The Chair was designed by the well-known architect, Mr. Pugin, and the replica has been carried out by Sir Frank Baines. T'he Chair brings to mind the names of eminent statesmen who, from time to time, have addressed its occupant. I need only refer to the great names of Sir Robert Peel, Lord Palmerston, Lord John Russell, Mr. Disraeli, Mr. Gladstone, Mr. Asquith, Mr. Balfour, Mr. Lloyd George. The inscription in front of the Chair, which you will observe when the Chair is more open to view, recalls what I think I may call this historical occasion. The occupants of the Chair, before I had the honour of taking it, were Mr. Shaw Lefevre, Mr. Denison, Mr. Brand, Mr. Peel and Mr. Gully. And, showing how long my Parliamentary career has been, I may add that I have seen in the flesh everyone of those gentlemen, and that I have sat in Parliament under no less than three of them.

But the Chair is something more than a mere gift of friendship on the part of the Empire Parliamentary Association

towards yourselves. It acknowledges, I think, in its presentation by us and its acceptance by you, the great principle which has been accepted by Great Britain and by all the Dominions within the British Empire, that Government of the people, by the people, and for the people, is best carried out through Parliamentary institutions. That is the best-known method by which a free people can govern themselves, and by which their aspirations or their aversions can be either realized or removed.

The donors cherish the hope that this Chair, presented to the House of Commons of Canada, will, within the walls of this magnificent building at Ottawa, bear an everlasting testimony of the goodwill existing between the members of Parliament and the Mother Country, and of the long sucession of parliamentary traditions inherited conjointly by the free nations of the British Empire.

In 1918, the members of the Empire Parliamentary Association of the United Kingdom presented to the Senate of Canada a Black Rod to replace the one which was burnt in the conflagration, and they hope that the gift now made to this House to replace the Chair destroyed by the same fire will be considered as essential to parliamentary proceedings and will forever stand as the symbol of the good-will and the earnest desire for still more cordial and closer relations between the members of the Parliament at Westminster and their colleagues in the Parliament at Ottawa.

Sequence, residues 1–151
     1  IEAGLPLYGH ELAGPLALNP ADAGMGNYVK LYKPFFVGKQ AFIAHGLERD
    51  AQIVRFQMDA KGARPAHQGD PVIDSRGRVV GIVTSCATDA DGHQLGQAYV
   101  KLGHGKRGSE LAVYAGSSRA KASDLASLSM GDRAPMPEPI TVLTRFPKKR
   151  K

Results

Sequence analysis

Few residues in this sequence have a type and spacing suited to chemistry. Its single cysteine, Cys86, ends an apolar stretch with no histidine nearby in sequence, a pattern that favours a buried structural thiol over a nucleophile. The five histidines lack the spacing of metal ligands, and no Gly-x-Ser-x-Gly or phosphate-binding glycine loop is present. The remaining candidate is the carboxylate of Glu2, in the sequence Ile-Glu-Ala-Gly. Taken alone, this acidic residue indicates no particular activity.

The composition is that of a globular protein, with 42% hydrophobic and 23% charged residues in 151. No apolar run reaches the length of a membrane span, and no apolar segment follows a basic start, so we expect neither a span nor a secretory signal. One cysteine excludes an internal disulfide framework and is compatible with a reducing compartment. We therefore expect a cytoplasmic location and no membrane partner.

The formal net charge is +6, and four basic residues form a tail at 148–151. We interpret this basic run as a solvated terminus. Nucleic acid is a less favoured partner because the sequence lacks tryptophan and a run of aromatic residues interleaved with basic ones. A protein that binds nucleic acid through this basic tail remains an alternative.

Finally, I would say that the Speaker's Chair is the symbol not only of Parliamentary Government as evolved by the great constitutional elements of the commonwealth of nations, but of authority, the authority of the individual selected by his colleagues to preside over them, authority to regulate debate, to mainain order and to ensure the free expression of all opinions. It marks, therefore, not only the similarity and the continuity of Parliamentary institutions in the New World as in the Old, but it emphasizes the principle that, without law, order and authority, there can be no true freedom. Upon the Chair itself you will find this principle enshrined in the succinct maxim: "Libertas in Legibus."

It is the hope then of the donors that the Parliamentary instincts and traditions which, "broadening down from precedent to precedent," have come to us in St. Stephen's, may flourish and abound in this country, and that when this generation and future generations look upon this Chair, the sight

may kindle in their hearts a spark, nay, I would rather say a flame, of respect and admiration and, I trust, affection for the "Old Country."

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UNION

Edgar Nelson Rhodes (Speaker of the House of Commons)

Unionist

Mr. SPEAKER:

Your Excellency, Mr. Lowther, gentlemen of the House of Commons-one year ago a cablegram was received by the Speaker of this House from the Secretary of the United Kingdom Branch of the Empire Parliamentary Association conveying the offer of a Speaker's Chair "as an abiding token of goodwill between both Parliaments."

Acceptance would obviously involve the necessity of foregoing a custom which has obtained in Canada almost since the inception of responsible government, that the retiring Speaker should take with him the Chair which he occupied during his term of office. But the spirit -Which prompted the proposal of so fine a gift and the accompanying expressions were of such a character that no shadow of doubt as to its acceptance could exist, and accordingly on June 8, 1920, on the motion of the Prime Minister, seconded by the leader of the Opposition, it was unanimously resolved:

That the offer of a .Speaker's chair to the House of Commons of Canada by the Lord Chancellor and the 'Speaker of the House of Commons as Joint Presidents and by the members of the Empire Parliamentary Association in the House of Lords and in the House of Commons of the United Kingdom be most gratefully accepted, and that Mr. Speaker do inform the donors of the high appreciation of this House for the gift, and particularly for the sympathy and goodwill which it expresses.